At Play in the Archive: Reading Sophie Calle's Double Game as Autofictional Remains

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Creator: 

Khimasia, Anna

Date: 

2015

Abstract: 

In 1992 author Paul Auster borrowed eight projects from French artist Sophie Calle for Maria, a fictional character in his novel Leviathan; Auster also included two projects of his own invention. Calle, in return, enacted and documented these projects created by Auster and included them, along with her initial projects, in her book Double Game. Double Game begins with these words: “Intrigued by this double, I decided to turn Auster’s novel into a game and to make my own particular mix of reality and fiction.”1

Calle’s autofictional projects seemingly describe events in her life: a job as
a chambermaid, a job as a striptease artist, a day spent being followed by a detective. Calle’s use of autofiction, a self-conscious play between autobiography and the novel, emphasizes the impossibility of a coherent and unified subject. I argue that Calle’s book plays with structures and forms usually associated with truth telling (autobiography, archives, photography, the report, the diary) by constructing evidence that relies on these structures for legitimacy, only to expose gaps, inconsistencies, and fictions as a space for play and critique.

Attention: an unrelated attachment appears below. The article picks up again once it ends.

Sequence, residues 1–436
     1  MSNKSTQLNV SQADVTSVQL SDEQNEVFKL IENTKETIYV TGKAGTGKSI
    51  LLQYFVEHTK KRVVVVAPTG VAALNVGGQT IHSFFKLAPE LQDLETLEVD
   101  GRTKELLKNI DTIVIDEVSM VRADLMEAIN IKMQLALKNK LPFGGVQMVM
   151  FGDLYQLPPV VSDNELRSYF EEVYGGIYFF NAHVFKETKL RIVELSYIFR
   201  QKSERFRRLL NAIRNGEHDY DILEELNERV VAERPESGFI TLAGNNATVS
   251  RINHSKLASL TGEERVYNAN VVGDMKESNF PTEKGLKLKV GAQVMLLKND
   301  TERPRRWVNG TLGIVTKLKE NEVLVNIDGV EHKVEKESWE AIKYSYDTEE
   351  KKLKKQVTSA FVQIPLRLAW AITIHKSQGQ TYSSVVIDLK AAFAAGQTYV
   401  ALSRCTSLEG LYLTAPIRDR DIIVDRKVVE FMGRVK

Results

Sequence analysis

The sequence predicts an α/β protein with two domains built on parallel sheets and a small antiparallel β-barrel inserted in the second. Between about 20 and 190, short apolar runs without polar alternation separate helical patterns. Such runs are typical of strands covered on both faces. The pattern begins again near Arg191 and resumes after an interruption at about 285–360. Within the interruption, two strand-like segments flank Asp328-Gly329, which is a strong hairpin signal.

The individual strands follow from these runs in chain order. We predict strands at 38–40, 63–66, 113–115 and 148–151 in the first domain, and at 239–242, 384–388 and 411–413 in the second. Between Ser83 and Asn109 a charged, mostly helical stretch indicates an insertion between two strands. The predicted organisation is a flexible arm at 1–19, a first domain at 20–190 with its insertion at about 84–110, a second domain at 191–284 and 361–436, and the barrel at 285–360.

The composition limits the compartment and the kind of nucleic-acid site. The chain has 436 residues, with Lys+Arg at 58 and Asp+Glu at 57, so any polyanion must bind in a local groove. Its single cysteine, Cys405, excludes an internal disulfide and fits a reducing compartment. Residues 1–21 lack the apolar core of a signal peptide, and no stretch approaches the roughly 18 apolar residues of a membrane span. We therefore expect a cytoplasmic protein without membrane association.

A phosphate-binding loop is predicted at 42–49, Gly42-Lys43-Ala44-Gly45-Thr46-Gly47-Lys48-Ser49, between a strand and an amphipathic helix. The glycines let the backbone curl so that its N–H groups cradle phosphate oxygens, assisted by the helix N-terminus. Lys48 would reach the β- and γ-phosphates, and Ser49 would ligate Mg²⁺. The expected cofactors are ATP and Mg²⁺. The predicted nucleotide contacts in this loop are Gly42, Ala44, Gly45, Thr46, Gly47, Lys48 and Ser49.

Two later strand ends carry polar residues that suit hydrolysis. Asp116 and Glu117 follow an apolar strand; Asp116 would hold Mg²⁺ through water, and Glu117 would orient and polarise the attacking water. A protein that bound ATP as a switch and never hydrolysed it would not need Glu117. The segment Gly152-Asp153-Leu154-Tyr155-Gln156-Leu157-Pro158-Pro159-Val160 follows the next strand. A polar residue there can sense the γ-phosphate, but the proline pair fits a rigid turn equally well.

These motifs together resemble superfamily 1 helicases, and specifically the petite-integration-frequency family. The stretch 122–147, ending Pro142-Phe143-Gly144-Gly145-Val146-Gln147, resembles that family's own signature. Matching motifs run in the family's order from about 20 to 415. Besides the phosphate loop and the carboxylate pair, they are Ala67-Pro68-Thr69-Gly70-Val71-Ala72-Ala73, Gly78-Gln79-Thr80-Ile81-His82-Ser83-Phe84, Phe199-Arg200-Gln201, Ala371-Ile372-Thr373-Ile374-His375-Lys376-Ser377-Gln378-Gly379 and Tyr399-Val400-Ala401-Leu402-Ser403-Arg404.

The French version of Double Game, a
series of seven separate books, has the title Doubles-jeux. Jeu in French is understood to mean both game and play, while also a homonym for ‘I’ [je]. Doubles-jeux is a double-cross—to deceive and betray, in the sense of a red herring. Thus the title, Double Game, already speaks to Calle’s autofictional accounts in which the narrating “I” is always unreliable and the events described always undecideable.

My dissertation focuses on the contingency of Calle’s documents by highlighting the spaces between what is said to have happened, what we are shown, and what may have taken place.
Aligning Calle’s work with performance, and recent discussions about performance documentation, enables a more focused interrogation of the relationship between the event and its representation. My dissertation argues that as a collection of autofictional traces, Double Game performs the autofictional subject at play in the archive.

1. Sophie Calle with the participation of Paul Auster, Double Game (Paris: Violette Editions, 1999), 1.

Subject: 

Art History

Language: 

English

Publisher: 

Carleton University

Thesis Degree Name: 

Doctor of Philosophy: 
Ph.D.

Thesis Degree Level: 

Doctoral

Thesis Degree Discipline: 

Cultural Mediations

Parent Collection: 

Theses and Dissertations

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